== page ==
about 4 years ago
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FTC Wants Browsers To Block Online Tracking

asukasoryu Re:why Opt-out? (205 comments)

No one's asking how targeted advertising works - we all get it. The issue is whether we all want a push or pull system. If I really want info on a product, I should have to pull the info from somewhere. I do not want advertisers constantly pushing the information down my throat. It's annoying and intrusive. Plus, I don't want advertisers gathering detailed info about me to do it. Why do advertisers think they have the right to throw garbage at us?

about 4 years ago
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LCD 'Engine' For Spacecraft Attitude Control

asukasoryu Re:Useful for stationkeeping? (95 comments)

Magnetic torquers are already in use and would have the same benefits/limitations as these LCD thingies.

Magnetorquers are lightweight, reliable, and energy-efficient. Unlike thrusters, they do not require expendable propellant either, so they could in theory work indefinitely as long as a sufficient power source is available to match the resistive load of the coils.

about 4 years ago
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FTC Wants Browsers To Block Online Tracking

asukasoryu Re:Why????? (205 comments)

Then turn fucking cookies off, like you've been able to for a decade.

My cookies are off. I still don't want advertisers stalking me. I shouldn't have to be on the defensive.

How could they do one without the other?

You can sell a product without collecting any information about the purchaser. Every company knows how many units they're moving. Why do they need purchaser details? They can continue to use surveys to get details that people voluntarily offer. Advertising is a tool, not a right.

you're simply assuming that because you don't like it, nobody else does either.

You're assuming what I assume. I just stated I don't like it. I could care less what everyone else thinks.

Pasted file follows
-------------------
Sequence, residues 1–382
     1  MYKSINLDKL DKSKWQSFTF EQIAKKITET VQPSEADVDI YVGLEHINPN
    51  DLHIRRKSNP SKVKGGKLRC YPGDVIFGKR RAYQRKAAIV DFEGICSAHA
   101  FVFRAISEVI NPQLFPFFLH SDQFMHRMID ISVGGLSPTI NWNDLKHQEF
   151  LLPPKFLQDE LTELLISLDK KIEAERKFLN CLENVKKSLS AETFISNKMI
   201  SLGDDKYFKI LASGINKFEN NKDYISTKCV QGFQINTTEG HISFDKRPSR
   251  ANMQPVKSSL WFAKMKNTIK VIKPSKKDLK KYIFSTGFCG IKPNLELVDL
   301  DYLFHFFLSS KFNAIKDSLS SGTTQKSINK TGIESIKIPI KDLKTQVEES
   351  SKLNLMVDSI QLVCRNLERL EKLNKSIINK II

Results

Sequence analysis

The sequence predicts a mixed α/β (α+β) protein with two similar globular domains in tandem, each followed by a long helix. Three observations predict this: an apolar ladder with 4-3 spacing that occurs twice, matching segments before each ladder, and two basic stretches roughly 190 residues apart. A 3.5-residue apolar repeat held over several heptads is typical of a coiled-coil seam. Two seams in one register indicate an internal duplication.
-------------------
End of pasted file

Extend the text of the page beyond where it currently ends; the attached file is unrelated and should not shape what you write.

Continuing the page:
about 4 years ago
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Suspected Mariposa Botnet Creator Arrested

asukasoryu Re:Jail time (95 comments)

I think he was talking about mouth love - Mel Gibson style.

about 4 years ago
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Suspected Mariposa Botnet Creator Arrested

asukasoryu Re:Two years? (95 comments)

It's hard enough to find 1 out of 6 billion people in the real world. Harder still to track them in the virtual world through their botnet and relate that back to a physical location where they can be apprehended without causing them to flee. I say kudos and good luck on future captures.

about 4 years ago
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FTC Wants Browsers To Block Online Tracking

asukasoryu Re:Why????? (205 comments)

Is there *any* evidence that the data collected has ever been misused in any way?

I don't particularly care if the data is misused because I don't agree with the method of data collection to begin with. I don't need people tracking my actions to see how to advertise to me. Advertisements are annoying. Advertisers should be tracking products or sales, not individuals.

Before the government starts regulating an industry, shouldn't there be evidence that the industry is in fact in need of regulating?

I support the FTC being proactive and considering preventative action. Should we wait for a crime to be committed before we make it illegal?

Disclaimer: I work in an advertising company

I'm sorry. I'll pray for you.

about 4 years ago
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FTC Wants Browsers To Block Online Tracking